ORCHARD PARK, N.Y (WIVB) — Here’s one tiny scrap of bad news for Bills fans in the wake of Sunday’s 30-23 victory over the Raiders:
Josh Allen failed to become the third player in NFL history to pass for at least 300 yards and two touchdowns in the first four games of a season (only Steve Young and Peyton Manning have done it.)
Allen finished with ‘only’ 288 yards passing and two TDs in the victory, which lifted the Bills to 4-0 on the season. One can assume that resilient Buffalo fans will find a way to get beyond this statistical failure.
The team’s young franchise quarterback remains on a record pace through the first quarter of the 2020 season. Allen is on pace to break virtually every significant passing record in franchise history.
Through four games, Allen has completed 105 of 148 passes (71 percent) for 1,326 touchdowns, with 12 TD passes and one dubious interception.
He is on pace for 5,304 passing yards, nearly 1,000 ahead of Drew Bledsoe’s record of 4,359 set in the 2002 season. Allen is second in yards to Dak Prescott of the Cowboys, who threw for 502 yards on Sunday in a loss to the Cleveland Browns.
Prescott is on a ridiculous pace of 6,760 yards. Peyton Manning holds the NFL record for passing yards in a season with 5,477 for Denver in 2013. Manning and Drew Brees are the only quarterbacks to pass for more than 5,300 yards in a season.
Allen is on pace for 48 touchdown passes. Jim Kelly set the team record of 33 in 1991. Remarkably, no other Bills has ever passed for more than 26 TDs in a season. Joe Ferguson had 26 in 1983. The last Bill to pass for 25 TDs was Kelly back in 1989.
Clearly, the NFL has become more of a passing league over the years. Russell Wilson leads the NFL with 16 TD passes through four weeks. At that rate, he would smash Manning’s record of 55, set in 2013.
Allen is on pace for 420 pass completions, which would break Bledsoe’s record of 375 in that memorable 2002 season. Bledsoe set the team record of 610 pass attempts that season. Allen is currently on pace to toss 592 passes over 16 games.
At his current pace, Allen would become the first Bills quarterback to complete 70 percent of his passes in a season in which he attempted at least 50 throws. Kelly Holcomb completed 67.4 percent of his 220 passes in 2005. Kelly’s best was 64.1 in 1991.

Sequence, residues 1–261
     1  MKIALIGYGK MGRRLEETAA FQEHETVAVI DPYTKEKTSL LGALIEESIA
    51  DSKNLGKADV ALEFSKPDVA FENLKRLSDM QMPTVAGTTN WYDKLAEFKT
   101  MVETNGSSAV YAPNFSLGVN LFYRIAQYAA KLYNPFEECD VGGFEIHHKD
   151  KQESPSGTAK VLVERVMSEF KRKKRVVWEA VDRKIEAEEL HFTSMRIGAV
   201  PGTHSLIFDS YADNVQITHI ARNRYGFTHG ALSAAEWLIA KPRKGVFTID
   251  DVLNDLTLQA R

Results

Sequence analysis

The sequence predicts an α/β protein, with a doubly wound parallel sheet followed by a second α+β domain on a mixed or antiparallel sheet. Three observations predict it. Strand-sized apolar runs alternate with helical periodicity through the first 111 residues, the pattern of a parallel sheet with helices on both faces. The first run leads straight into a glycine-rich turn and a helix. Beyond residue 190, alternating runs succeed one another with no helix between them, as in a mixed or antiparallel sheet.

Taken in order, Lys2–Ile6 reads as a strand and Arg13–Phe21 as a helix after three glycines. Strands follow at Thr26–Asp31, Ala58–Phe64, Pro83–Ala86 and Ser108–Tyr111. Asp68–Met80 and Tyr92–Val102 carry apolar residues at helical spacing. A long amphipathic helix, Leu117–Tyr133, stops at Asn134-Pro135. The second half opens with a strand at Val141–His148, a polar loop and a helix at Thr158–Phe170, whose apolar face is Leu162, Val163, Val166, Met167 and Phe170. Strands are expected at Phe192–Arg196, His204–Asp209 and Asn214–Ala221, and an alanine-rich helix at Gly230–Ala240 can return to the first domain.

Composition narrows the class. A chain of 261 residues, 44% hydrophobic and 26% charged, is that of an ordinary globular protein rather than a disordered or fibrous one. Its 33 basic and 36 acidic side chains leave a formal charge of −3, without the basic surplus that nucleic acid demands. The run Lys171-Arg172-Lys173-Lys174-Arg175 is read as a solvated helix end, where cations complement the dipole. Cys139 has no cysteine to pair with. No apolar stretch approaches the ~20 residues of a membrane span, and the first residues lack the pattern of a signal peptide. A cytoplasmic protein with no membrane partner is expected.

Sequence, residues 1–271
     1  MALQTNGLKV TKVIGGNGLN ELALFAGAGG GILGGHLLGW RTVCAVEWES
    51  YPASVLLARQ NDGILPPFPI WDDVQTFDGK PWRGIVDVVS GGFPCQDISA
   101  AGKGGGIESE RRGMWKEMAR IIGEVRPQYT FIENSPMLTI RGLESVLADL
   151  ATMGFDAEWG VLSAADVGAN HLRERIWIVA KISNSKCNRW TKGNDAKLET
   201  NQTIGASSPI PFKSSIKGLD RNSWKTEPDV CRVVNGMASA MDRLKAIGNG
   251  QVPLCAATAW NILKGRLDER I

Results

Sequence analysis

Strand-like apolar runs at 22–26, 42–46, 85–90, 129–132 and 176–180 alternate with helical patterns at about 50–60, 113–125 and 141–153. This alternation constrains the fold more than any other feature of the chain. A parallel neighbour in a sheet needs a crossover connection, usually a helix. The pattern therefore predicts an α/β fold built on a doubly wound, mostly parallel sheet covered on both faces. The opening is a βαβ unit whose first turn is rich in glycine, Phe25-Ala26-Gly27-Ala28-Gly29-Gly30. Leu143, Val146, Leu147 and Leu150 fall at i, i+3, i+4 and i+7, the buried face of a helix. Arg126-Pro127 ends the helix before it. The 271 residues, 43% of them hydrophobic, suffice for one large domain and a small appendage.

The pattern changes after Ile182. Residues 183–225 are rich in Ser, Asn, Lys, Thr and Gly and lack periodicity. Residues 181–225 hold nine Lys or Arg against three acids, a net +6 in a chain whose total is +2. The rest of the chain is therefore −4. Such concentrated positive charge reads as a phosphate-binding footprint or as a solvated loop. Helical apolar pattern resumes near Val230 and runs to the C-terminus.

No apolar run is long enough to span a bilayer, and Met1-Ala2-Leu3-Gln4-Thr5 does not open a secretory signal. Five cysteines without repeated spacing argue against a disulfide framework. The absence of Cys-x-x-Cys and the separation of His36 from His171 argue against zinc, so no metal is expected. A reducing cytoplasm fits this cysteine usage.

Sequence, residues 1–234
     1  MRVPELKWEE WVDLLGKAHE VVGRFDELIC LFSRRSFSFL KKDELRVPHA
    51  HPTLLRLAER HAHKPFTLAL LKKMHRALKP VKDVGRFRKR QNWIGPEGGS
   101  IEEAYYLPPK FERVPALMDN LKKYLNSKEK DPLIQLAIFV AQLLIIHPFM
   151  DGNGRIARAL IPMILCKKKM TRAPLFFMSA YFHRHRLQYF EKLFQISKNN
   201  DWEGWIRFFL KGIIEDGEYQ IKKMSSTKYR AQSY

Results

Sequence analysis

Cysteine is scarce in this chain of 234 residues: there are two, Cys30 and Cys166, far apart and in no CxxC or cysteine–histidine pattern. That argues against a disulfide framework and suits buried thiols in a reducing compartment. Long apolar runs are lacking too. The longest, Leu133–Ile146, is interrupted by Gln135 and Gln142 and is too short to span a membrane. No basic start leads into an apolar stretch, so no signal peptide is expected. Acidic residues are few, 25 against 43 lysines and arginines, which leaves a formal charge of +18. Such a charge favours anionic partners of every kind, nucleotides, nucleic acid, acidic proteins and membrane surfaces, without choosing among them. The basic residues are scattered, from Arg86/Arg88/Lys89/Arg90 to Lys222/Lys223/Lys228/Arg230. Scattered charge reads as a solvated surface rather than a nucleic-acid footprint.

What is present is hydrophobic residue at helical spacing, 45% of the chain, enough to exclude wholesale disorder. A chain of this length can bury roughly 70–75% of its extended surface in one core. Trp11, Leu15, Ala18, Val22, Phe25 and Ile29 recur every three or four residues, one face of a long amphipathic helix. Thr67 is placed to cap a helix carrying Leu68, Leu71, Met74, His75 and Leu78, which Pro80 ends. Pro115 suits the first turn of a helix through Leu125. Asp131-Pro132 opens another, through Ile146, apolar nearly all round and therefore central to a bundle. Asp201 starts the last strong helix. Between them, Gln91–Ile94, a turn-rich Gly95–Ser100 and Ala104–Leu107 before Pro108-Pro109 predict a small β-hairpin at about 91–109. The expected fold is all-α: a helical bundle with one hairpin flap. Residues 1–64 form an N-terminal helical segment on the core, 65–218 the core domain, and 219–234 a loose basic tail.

Not surprisingly, Allen is trending to have by far the best single-season quarterback rating in Bills history. Allen’s rating is 122.7 through four weeks. Kelly holds the Bills record with 101.2 in 1991. Aaron Rodgers set the NFL record of 122.5 in 2011.
Allen is averaging 9.0 yards per pass attempt, second in the NFL to Seattle’s Wilson. The Bills’ record in an NFL season is 8.2 by Kelly in 1990. Daryle Lamonica averaged 8.9 a pass and Jack Kemp 8.5 in the AFL in 1964, when long passes were more commonplace.
Remember when Josh couldn’t complete a pass down the field? He averaged 6.5 and 6.7 yards a throw in his first two NFL seasons. His improvement on his longer throws has been astonishing.
He’s also been remarkably careful with his throws. With one interception on 148 attempts, Allen has an interception percentage of 0.7. Tyrod Taylor set the Bills’ record of 1.0 in 2017, and Taylor was renowned for taking very few risks with the football.
One more esoteric but significant statistic: Allen, who ran for a touchdown against Las Vegas, has three rushing TDs on the year. That’s a combined 15 touchdowns passing and running, a pace for 60.
No quarterback has ever had 60 combined TDs in a season. Peyton Manning had 56 (with one rushing TD) in 2013. Manning won the MVP award that season, beginning the active run of seven straight quarterbacks to win it.
So if people are placing Allen on the short list for MVP this year, there’s a good reason.
Jerry Sullivan is an award-winning digital reporter who joined the News 4 team in 2020. See more of his work here.